Napier ISP Now, is providing telco-style network services – based on SDN (software defined network) technology – to Hawkes Bay’s five councils, writes Johanna Egar. Napier’s council is already reaping the benefits

Hawkes Bay’s five councils have leap-frogged into modern networking with their decision to install ‘network in the cloud’ SDN (software defined network) technology on their WAN (wide area network).

Napier City Council has used it to upgrade its traditional Wan and have already seen earthquake-proofing benefits – by accident.

Duncan Barr, Napier City Council’s information services manager, says they put out a tender to upgrade their network last July and started installing their new SD-WAN from local ISP Now, in November. The council was doing a seismic assessment at the same time, to see how earthquake-proof its buildings were. They weren’t. This meant everyone had to temporarily move out of the council’s headquarters, says Barr.

“But we didn’t have to house our comms infrastructure on the premises while we evacuated as we could house it at Now. We effectively no longer have a traditional star-and-spoke WAN configuration, so we’ve seen some immediate benefit already,” says Barr.

SDN technology puts a lot of a telecoms network’s technology in the cloud, which means users can make changes and add services easily, in a similar way to how you can add servers and applications remotely using hosted services like Amazon Web Services (AWS). It also means, as Barr discovered, that you are less vulnerable, because you are less hardware dependent on traditional infrastructure.

Beyond this, Now – which thinks of itself more as a digital services provider than an ISP nowadays – says the Nokia Nuage Network SDN technology it is using to upgrade the five councils’ communications network is also quite transformative.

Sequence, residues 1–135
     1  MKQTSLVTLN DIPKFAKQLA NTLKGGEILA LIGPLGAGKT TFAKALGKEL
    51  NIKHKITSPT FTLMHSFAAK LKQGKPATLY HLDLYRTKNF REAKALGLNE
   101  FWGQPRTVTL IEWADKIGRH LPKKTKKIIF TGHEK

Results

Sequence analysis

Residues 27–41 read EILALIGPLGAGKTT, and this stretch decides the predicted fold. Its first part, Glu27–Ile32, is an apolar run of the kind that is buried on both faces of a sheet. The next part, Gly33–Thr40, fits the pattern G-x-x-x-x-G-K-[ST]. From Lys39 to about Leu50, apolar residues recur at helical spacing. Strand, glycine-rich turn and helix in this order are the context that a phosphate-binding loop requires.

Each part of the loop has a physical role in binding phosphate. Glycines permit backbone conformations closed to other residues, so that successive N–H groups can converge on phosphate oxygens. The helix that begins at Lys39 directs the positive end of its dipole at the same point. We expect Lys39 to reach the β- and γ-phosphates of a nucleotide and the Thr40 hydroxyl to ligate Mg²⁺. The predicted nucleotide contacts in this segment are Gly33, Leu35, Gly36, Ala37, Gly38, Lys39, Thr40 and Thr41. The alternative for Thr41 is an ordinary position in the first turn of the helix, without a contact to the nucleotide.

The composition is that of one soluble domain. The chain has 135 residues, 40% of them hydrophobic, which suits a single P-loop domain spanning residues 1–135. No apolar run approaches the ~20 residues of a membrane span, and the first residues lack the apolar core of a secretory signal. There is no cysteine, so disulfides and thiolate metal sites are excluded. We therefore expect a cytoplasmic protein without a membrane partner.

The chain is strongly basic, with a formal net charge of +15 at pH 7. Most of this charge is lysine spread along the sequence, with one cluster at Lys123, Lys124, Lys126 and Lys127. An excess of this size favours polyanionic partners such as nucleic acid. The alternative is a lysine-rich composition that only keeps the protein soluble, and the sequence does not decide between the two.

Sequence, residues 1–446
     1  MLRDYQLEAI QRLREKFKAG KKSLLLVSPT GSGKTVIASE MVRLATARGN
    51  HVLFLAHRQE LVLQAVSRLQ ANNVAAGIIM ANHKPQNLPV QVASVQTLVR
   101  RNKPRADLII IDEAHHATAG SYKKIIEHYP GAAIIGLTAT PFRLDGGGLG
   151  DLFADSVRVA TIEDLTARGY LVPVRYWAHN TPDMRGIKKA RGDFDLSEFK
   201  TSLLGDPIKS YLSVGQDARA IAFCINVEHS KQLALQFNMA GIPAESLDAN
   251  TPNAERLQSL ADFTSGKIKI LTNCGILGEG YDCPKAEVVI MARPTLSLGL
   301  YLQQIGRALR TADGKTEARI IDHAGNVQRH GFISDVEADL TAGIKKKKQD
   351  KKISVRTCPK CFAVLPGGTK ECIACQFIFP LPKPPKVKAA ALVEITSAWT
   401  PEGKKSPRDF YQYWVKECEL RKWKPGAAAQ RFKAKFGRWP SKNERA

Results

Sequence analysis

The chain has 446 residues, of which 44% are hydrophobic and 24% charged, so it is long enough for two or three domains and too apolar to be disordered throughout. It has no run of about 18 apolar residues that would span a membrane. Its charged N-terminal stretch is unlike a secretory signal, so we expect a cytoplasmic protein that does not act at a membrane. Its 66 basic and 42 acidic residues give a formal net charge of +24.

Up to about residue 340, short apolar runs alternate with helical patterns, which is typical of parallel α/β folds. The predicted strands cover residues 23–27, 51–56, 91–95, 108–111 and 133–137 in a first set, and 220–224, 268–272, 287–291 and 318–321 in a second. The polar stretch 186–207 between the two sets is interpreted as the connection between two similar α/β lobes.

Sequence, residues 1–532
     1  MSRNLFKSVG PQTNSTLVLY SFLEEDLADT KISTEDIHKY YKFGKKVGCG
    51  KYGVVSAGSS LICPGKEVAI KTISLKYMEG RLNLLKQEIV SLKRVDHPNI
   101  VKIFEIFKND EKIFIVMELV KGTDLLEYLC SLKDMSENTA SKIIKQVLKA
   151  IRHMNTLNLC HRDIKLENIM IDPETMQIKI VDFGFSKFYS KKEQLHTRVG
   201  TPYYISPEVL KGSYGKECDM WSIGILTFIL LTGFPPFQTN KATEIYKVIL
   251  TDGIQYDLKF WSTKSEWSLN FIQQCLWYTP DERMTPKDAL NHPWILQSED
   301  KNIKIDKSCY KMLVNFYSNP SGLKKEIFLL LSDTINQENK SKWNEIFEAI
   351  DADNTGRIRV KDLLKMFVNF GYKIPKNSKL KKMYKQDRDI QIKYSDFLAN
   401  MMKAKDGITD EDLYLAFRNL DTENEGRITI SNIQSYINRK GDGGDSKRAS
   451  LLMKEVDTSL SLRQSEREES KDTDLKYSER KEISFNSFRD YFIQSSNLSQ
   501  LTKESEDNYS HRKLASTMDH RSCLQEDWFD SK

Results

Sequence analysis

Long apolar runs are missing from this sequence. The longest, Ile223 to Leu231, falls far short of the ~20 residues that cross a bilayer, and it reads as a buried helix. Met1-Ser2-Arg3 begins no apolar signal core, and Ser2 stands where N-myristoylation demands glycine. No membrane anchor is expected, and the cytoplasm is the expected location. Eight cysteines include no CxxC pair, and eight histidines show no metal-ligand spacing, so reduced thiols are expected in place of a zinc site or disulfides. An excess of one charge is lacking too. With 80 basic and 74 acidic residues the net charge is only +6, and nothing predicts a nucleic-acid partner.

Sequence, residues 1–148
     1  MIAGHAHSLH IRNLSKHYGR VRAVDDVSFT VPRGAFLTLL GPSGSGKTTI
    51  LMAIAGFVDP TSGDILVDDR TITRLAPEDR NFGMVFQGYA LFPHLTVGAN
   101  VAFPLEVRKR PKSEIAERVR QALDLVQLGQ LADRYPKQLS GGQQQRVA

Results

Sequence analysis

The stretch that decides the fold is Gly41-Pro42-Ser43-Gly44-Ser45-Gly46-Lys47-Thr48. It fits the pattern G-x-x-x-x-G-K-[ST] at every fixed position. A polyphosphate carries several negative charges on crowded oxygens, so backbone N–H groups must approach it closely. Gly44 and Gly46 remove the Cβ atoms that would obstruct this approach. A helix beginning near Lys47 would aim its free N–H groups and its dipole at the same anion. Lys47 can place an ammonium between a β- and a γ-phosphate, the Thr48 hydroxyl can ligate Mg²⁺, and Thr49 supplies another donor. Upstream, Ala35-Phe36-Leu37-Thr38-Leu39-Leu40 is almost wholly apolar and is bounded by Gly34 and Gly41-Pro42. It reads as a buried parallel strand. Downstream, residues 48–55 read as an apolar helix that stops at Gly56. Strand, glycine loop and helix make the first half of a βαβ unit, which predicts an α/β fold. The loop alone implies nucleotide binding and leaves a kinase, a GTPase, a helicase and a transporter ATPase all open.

Now CEO Hamish White says SDN makes networks a lot more agile. “It means you can connect another site into your WAN really easily – it’s literally drag-and-drop through a browser interface.” He compared this with the costly, time-consuming business of having to brief an IT integrator and then have that company’s engineers make site visits to make any and every network change.

“Now you can do this from the keyboard literally through the browser. You can pop up a site and add it to your WAN overnight, and you don’t need an integrator. It means you’re more agile. Traditionally, businesses have had to fit into how a network was engineered and change was slow, but today it’s about how the network can improve the business experience.

“The councils have a lot of sites. Napier City Council alone has over 20 sites, from parks to aquariums, to swimming pools, libraries and administration blocks. They have to manage the logistics of a very wide area network. It’s massive. They had no visibility and weren’t very agile.”

Duncan Barr’s take on this is that the councils were looking for a technology solution that would allow the five councils, which between them operate 62 sites, to collaborate better. They already have Infrastructure as a Service (IaaS) installed at the regional level – this provides computing services from the cloud – and with SDN technology also being in the cloud, the councils will be able to share services more easily.